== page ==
bind


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double bind

A no-win situation. When both of Sally's jobs scheduled her to work on the same day, she was put in a double bind. She needed both incomes and could not afford to lose either position.
See also: bind, double

bind (something or someone) down

To anchor or fasten something or someone in place. You need to bind down the shed in the back yard before the big storm. Can you please bind down the baby in her highchair?
See also: bind, down

bind over

1. To present a criminal to a legal authority. A noun can be used before or after "over." A: "Who's being interrogated?" B: "Someone the guys on patrol bound over to our department last night."
2. To use a legal obligation to induce a particular action (such as appearing in court or avoiding trouble), as of a criminal. A noun can be used before or after "over." My lawyer believes that the judge will bind me over in exchange for my good behavior.
See also: bind, over

bind (someone or something) together

To join or fasten together. I fell down because some pranksters bound my shoelaces together. The teacher bound us together for the three-legged race.
See also: bind, together

bind up

To wrap something or someone in a material. A noun can be used before or after "up." I bound up my foot in a bandage to try to reduce the swelling. Bind yourself up in blankets if you're cold.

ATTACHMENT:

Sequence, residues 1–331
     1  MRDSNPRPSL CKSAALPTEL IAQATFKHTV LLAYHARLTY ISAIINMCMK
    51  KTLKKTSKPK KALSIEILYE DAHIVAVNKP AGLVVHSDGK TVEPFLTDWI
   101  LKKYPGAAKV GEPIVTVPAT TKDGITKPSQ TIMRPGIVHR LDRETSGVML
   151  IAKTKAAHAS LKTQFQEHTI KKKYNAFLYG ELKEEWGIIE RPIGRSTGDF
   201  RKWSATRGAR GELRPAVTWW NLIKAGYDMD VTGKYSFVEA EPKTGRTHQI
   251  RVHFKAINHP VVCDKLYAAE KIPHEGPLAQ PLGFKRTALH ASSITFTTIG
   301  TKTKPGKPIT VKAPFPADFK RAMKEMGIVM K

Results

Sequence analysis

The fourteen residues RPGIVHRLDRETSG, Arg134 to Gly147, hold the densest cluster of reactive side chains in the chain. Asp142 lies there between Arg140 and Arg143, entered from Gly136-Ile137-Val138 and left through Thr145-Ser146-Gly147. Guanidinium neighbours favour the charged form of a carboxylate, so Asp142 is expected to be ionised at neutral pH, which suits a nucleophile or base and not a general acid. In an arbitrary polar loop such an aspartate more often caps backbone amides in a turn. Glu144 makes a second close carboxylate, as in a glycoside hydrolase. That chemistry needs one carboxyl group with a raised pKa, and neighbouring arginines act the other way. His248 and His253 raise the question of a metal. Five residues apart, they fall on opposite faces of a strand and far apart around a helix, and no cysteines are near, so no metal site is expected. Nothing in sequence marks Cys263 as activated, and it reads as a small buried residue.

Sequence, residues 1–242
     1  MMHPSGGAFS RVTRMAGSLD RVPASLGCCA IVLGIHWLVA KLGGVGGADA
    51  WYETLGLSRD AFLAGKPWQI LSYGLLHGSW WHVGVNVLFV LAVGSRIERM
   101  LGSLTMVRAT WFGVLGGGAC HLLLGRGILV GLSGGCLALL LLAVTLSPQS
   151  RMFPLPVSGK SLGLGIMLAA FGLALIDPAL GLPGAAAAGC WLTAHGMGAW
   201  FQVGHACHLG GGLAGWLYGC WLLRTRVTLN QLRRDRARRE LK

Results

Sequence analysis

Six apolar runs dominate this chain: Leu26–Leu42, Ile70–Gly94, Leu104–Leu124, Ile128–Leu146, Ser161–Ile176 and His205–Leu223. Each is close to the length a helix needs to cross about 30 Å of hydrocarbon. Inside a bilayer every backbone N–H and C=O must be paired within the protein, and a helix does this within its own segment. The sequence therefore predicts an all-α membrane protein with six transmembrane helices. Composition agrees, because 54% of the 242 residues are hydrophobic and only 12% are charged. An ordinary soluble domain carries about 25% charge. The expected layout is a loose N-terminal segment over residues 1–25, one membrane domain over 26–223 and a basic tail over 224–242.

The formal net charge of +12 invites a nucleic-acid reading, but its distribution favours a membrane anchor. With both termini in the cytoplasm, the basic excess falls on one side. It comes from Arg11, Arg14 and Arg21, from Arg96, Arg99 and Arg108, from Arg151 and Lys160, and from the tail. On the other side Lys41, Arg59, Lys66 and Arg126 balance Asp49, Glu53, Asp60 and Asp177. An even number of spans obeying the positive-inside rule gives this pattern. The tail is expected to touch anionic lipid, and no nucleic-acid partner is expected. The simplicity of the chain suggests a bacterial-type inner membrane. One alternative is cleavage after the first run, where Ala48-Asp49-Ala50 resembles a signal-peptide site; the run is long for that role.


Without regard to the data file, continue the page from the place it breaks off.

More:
See also: bind, up

bound hand and foot

1. Literally, having one's hands and feet tied together. In the movie, the security guards were all bound hand and foot so that they couldn't sound the alarm.
2. By extension, feeling trapped in a daunting situation. I graduated from college and found myself bound hand and foot to debt that I won't be able to pay off for years.
See also: and, bound, foot, hand

in a bind

In a particularly difficult or awkward situation, especially one that is not easy to resolve or escape. I'm going to in quite a bind if this loan isn't approved. Sorry I'm late, Fred was in a bind and needed me to drive him home.
See also: bind

bind (one) hand and foot

1. Literally, to tie one's hands and feet together. In the movie, the villain bound all the security guards hand and foot so that they couldn't sound the alarm.
2. By extension, to cause one to feel trapped in a daunting situation. Yes, I have a degree now, but this institution has bound me hand and foot to debt that I won't be able to pay off for years.